In the eyes of the public, the sabre-toothed cat Smilodon ranks alongside Tyrannosaurus rex as the ultimate killing machine of all time. Powerfully built, with upper canines like knives, Smilodon has been portrayed as a fearsome predator of Ice-Age mammals such as mammoth, bison, and elk.
And while most scientists agree that the sabrecat was able to kill these animals thanks to its ferocious fangs, there has been plenty of debate about how it actually used them.
Now a new study, using a computer based technique called Finite Element Analysis (FEA), has tested some of the previous ideas about killing behaviour in Smilodon.
FEA is used by engineers to help design trains, planes, and cars, and allows them to digitally 'crash test' their designs to make sure they will work as intended. But biologists can use it to reverse engineer Nature's designs to find out what sort of forces a structure like a sabrecat skull was able to handle.
Skulls are much more complex then most man-made structures, and to apply the technique to a fossil big cat requires some tricks engineers don't usually have to handle, but an Australian team based at the University of Newcastle and the University of New South Wales have been working on a method to do just that and the results give scientists new insights into the behaviour of this iconic predator.
Compared to a modern day lion, the sabrecat had a relatively weak bite: for a ~230kg Smilodon the computer models predict a force of about 1000N (~100 kg) at the canines, about the same as the bite force of a 80 kg jaguar and a third of the bite force of ~250 kg lion.
In a Smilodon skull, the available area for jaw muscles is small compared to a lion, but to see if the sabrecat was somehow packing some extra bite in its cheek the team artificially increased the bite force to that of a 230 kg modern big cat.
The result: high stresses in the sabrecat's jaw (shown as greens, yellows, reds, and white in the model), far higher than in the lion. But if the extra bite force was supplied by the neck muscles instead (so that the sabrecat was driving its whole head - including the teeth - towards the prey) then it handles the forces much better. This suggests that the neck muscles played an important role in generating bite force in Smilodon.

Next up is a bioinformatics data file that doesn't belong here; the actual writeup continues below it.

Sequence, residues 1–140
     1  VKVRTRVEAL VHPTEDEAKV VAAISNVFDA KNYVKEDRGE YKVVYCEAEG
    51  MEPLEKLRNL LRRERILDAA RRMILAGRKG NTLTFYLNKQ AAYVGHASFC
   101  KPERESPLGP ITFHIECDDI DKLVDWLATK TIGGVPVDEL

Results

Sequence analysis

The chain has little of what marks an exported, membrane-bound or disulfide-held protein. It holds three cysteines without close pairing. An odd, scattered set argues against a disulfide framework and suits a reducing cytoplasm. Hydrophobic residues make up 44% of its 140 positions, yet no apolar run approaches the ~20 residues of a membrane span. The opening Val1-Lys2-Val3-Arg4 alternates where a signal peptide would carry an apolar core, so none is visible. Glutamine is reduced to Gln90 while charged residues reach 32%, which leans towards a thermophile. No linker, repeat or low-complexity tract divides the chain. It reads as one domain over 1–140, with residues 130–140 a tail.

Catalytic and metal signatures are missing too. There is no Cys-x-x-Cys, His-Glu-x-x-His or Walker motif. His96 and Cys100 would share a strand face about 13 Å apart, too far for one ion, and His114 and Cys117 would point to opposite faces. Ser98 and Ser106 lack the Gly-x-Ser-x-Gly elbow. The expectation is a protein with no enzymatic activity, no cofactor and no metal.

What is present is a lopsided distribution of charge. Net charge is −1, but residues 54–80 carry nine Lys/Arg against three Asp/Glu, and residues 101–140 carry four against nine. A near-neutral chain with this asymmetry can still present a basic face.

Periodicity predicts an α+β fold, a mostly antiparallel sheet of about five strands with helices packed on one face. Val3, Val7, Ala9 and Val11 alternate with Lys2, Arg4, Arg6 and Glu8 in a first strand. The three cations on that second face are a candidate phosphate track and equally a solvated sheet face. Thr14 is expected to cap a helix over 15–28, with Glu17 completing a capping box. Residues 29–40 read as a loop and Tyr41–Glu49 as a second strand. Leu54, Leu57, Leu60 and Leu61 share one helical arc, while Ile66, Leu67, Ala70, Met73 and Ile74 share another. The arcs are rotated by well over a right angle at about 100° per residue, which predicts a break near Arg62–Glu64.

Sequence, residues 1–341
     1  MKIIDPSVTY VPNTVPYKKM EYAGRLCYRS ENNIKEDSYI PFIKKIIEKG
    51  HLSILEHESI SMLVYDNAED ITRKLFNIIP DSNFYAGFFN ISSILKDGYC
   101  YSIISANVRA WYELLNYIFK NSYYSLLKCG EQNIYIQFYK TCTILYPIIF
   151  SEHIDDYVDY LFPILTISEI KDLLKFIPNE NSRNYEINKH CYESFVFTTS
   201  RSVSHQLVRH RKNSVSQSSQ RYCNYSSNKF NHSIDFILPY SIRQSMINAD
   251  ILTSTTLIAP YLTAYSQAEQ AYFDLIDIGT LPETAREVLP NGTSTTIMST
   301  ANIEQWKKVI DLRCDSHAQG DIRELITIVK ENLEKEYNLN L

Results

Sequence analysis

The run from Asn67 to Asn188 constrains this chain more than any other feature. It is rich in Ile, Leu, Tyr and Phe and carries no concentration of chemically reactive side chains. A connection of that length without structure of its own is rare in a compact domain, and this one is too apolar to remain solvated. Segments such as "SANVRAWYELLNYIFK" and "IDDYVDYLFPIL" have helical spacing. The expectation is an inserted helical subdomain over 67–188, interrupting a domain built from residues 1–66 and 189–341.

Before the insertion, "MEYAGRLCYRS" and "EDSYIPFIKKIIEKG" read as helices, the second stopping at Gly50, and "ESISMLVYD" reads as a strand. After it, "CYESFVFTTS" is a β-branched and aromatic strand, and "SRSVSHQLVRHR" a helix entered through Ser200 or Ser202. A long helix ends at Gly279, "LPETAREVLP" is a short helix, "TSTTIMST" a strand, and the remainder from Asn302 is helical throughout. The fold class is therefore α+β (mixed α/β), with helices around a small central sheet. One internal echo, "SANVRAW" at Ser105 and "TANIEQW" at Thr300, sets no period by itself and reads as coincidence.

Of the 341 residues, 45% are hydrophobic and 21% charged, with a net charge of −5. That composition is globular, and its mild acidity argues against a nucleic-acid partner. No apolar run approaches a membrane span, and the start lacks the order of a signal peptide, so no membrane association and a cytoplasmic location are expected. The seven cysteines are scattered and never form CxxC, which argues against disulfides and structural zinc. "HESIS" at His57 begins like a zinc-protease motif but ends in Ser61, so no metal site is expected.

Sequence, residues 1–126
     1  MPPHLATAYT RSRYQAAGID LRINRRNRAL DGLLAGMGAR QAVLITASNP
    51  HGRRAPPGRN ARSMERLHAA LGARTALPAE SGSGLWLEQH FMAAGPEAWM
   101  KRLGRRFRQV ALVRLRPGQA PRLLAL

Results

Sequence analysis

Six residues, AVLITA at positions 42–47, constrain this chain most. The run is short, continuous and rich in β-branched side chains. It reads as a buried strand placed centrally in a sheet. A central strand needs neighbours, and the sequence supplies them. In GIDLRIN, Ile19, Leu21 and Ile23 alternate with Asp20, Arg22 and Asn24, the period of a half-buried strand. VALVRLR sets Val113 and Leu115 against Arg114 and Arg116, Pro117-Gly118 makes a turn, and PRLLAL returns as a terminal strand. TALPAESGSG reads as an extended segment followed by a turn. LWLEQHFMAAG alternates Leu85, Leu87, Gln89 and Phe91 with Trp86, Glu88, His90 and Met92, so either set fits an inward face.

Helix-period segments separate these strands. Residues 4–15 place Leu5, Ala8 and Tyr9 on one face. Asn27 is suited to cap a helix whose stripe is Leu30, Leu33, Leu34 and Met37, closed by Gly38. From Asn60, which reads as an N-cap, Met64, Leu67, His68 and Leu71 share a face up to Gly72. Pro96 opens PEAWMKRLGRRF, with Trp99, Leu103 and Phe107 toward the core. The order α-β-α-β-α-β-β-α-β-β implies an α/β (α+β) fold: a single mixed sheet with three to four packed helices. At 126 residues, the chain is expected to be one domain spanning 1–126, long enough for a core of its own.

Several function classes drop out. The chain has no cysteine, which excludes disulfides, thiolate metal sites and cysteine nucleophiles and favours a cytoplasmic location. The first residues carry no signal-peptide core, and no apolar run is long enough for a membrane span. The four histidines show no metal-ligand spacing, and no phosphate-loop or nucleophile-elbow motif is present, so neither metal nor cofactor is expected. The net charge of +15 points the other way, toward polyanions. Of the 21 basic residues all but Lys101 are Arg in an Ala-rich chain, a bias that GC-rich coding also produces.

But the real difference between the sabrecat and a modern lion is revealed when the models are subjected to the kind of forces that result from tackling struggling prey - prey that is still on its feet. Lions do this all the time, but when the Smilodon model was exposed to these forces it lit up like a Christmas tree. If there was one thing Smilodon was not doing, it was tackling unrestrained prey.
Sabrecats were well built for wrestling large prey to the ground, and the models show that it needed to do this before trying a bite. Moreover, the killing bite was most likely applied to the prey's throat, because it is easier to restrain the prey this way. It had to be made with care, but once the bite was done the prey was would have died almost instantly - a handy trick, when the predator needs to keep clear of angry herd-mates and hungry competitors.
A lion can take more than 10 minutes to kill a Cape buffalo - plenty of time for its mates to charge you, or the hyenas to arrive. On the other hand, lions can catch a wide range of different prey, including agile antelope and gazelle.
The sabrecat may have been a highly efficient hunter of large prey, but it was not built to catch smaller, faster animals and when the American megafauna went extinct at the end of the last Ice-Age the specialist predator went with them. This may explain why today we still have lions, tigers, and bears but no sabrecats.
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